or some Memoirs for our Literary History, inDISRAELI, Isaac, an English author, born cluding Specimens of Controversy to the Reign near Enfield in May, 1766, died Jan. 19, 1848. His of Elizabeth;” and in 1816, the most finished father removed to England in 1748 from Venice, of his compositions, his “Illustrations of the whither his ancestors, of Hebrew race, had fled Literary Character; or the History of Men in the 15th century from the inquisition in Spain. of Genius, drawn from their own Feelings and In Venice they assumed the name of Disraeli Confessions." All of these works are amusing (originally written D'Israeli), “ a name never and anecdotical

, and reveal the author not only borne before or since by any other family, that as a literary antiquary, but as a man of humor, their race might be for ever recognized.” Isaac thoughtfulness, and elegant tastes. His “ Curiwas an only son, and was intended for the pur- osities of Literature" had reached the 5th edisuits of commerce, by which his father had at- tion, when in 1817 he added a new volume, tained to fortune. The latter was seriously containing more elaborate essays than the prealarmed when his son during his school days ceding, and the success of the publication was produced a poem; "the loss of one of his ar- such that he rapidly produced 3 additional volgosies uninsured could not have filled him with umes. He was 5 years in the composition of more blank dismay.” He was sent to a college his work on the “ Life and Reign of Charles I.," at Amsterdam, where he studied the philosoph- which appeared in 1828–'31, and gained for him ical works in fashion at the time, and when 18 the degree of D.C.L. from Oxford. He had years of age returned to England a disciple of long meditated a history of English literature, Rousseau. When informed that a place in the for which all his previous writings had been establishment of a great merchant was prepared preparatory, but in 1839 a paralysis of the optic for him, he replied that he had written and in- nerve prevented him from pursuing his retended to publish a poem of considerable length searches, and a selection from his numerous against commerce, which was the corruptor of manuscripts was given to the public in 1841 man; and he at once enclosed his poem to Dr. under the title of “ Amenities of Literature." Johnson, who however was in his last illness During the latter part of his life he resided on and was unable to read it. Of a pensive and his manor of Bradenham in Buckinghamshire.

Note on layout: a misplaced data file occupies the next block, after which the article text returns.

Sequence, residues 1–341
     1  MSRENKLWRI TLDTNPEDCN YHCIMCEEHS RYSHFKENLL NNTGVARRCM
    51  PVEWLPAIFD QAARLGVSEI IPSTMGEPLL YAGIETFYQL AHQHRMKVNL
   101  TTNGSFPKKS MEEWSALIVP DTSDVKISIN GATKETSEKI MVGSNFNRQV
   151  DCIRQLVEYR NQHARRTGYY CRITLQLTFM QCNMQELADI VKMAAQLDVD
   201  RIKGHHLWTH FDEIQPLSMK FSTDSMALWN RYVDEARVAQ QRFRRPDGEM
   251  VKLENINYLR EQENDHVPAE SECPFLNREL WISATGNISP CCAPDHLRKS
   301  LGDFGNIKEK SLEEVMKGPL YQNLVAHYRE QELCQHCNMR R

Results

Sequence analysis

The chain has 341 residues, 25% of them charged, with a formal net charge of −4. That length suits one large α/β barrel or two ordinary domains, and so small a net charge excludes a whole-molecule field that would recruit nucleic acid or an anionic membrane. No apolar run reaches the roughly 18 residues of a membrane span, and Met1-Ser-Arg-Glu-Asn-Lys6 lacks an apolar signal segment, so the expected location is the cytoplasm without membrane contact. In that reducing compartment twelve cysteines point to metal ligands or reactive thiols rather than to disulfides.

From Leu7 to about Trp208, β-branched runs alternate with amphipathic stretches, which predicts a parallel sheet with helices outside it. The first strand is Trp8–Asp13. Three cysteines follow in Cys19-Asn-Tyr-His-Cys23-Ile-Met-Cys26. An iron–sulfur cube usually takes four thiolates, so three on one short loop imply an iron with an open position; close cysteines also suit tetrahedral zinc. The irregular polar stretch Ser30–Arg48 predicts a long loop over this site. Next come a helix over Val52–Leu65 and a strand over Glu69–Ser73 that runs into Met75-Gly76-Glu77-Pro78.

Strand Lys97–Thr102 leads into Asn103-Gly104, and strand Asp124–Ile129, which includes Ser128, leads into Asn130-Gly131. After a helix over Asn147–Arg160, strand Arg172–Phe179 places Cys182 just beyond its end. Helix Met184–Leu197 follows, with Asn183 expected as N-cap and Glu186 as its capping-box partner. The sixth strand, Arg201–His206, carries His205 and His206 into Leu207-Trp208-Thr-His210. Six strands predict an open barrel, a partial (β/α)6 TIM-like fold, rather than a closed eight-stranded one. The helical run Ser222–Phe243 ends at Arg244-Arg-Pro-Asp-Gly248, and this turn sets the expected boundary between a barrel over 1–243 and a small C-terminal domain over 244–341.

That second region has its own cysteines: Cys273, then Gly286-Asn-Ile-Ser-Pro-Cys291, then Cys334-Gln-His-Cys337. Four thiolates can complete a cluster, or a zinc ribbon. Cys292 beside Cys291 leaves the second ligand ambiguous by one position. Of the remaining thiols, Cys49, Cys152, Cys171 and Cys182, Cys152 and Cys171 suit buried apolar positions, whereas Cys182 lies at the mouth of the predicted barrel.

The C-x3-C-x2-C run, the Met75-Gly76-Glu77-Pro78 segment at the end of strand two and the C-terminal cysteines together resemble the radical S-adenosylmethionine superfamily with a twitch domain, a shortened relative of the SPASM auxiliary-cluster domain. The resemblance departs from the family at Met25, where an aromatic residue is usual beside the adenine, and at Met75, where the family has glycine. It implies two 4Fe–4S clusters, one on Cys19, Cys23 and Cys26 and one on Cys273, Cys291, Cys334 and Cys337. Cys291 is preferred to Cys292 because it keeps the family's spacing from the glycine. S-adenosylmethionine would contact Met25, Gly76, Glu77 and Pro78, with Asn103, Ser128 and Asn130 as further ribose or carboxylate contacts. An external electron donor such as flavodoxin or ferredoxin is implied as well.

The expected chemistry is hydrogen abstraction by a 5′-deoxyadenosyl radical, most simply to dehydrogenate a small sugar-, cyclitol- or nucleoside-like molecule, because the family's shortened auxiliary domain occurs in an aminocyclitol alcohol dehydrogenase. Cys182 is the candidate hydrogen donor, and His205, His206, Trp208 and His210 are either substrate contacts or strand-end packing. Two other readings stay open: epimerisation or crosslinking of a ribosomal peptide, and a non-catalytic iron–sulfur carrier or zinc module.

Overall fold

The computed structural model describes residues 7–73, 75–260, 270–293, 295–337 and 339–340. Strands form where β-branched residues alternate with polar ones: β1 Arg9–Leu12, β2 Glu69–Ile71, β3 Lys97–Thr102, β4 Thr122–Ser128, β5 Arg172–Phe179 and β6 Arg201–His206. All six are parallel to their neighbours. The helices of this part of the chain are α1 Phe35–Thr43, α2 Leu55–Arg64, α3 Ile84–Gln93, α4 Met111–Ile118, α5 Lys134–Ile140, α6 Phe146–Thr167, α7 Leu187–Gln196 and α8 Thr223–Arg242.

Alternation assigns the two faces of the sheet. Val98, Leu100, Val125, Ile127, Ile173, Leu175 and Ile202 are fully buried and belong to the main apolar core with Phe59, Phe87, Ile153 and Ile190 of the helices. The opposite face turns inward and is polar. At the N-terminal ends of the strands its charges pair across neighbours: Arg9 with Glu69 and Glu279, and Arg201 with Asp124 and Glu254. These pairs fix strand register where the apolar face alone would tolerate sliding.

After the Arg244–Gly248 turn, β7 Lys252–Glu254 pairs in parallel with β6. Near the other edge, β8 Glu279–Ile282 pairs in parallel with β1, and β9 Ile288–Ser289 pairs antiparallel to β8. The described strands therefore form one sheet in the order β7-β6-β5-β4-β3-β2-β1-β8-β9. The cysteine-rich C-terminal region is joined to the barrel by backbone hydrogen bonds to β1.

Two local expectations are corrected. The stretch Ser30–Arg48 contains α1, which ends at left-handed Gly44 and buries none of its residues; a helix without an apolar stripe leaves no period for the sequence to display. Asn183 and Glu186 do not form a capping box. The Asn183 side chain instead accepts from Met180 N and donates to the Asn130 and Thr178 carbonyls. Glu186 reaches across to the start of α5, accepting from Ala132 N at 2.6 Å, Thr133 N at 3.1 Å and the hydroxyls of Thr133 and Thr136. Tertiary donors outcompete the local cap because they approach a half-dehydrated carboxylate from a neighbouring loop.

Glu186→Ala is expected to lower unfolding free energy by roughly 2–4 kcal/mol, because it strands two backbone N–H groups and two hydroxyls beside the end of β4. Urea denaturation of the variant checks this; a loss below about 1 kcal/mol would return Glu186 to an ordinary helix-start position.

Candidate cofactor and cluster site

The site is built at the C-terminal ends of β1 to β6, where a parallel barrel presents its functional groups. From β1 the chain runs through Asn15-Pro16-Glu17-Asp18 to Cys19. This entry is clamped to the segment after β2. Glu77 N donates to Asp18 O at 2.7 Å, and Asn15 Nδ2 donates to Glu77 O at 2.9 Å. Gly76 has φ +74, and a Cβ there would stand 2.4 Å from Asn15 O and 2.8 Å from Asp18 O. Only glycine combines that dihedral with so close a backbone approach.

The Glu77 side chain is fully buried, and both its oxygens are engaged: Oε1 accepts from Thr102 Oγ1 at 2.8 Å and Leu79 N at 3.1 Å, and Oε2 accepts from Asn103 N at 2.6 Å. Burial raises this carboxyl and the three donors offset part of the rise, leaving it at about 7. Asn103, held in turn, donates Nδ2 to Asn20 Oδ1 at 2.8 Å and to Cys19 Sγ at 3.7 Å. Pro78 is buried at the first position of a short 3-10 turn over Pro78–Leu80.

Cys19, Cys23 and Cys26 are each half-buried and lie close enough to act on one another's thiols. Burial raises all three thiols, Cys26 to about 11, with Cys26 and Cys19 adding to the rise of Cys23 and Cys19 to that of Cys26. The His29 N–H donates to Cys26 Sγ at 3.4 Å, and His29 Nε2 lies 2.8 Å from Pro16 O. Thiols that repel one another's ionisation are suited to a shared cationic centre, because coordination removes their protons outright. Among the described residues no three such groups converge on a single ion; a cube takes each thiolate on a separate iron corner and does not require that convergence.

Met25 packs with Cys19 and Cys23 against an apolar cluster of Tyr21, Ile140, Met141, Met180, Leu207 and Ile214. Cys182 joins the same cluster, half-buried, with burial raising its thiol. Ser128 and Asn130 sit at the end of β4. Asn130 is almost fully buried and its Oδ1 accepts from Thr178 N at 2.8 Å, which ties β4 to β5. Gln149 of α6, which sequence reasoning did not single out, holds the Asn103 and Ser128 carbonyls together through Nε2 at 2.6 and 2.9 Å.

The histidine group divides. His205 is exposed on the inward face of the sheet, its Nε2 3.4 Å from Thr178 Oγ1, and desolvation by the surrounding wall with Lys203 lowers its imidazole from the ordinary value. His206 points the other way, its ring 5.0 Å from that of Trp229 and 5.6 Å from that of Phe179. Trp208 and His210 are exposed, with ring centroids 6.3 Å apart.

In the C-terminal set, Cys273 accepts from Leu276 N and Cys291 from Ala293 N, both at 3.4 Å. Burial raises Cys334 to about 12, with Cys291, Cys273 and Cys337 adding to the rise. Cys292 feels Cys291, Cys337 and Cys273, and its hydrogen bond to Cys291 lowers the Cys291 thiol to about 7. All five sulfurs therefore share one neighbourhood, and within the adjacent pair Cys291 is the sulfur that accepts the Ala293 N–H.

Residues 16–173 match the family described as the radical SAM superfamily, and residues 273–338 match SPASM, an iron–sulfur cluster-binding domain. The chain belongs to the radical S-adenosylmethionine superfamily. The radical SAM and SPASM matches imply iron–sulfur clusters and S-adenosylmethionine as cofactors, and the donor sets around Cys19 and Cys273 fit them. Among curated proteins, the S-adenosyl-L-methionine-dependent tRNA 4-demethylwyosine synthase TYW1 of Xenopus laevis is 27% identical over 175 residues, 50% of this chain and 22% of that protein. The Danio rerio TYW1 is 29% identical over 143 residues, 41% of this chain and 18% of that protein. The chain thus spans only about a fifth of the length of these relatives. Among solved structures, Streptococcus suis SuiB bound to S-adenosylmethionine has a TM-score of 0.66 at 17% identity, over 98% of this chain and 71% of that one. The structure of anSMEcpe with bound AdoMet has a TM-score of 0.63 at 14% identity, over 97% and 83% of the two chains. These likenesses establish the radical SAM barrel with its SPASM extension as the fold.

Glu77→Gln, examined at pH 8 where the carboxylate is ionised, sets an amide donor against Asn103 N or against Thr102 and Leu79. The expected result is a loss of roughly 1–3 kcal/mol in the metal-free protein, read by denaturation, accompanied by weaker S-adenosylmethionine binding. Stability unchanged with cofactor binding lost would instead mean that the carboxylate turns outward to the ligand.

« PředchozíPokračovat »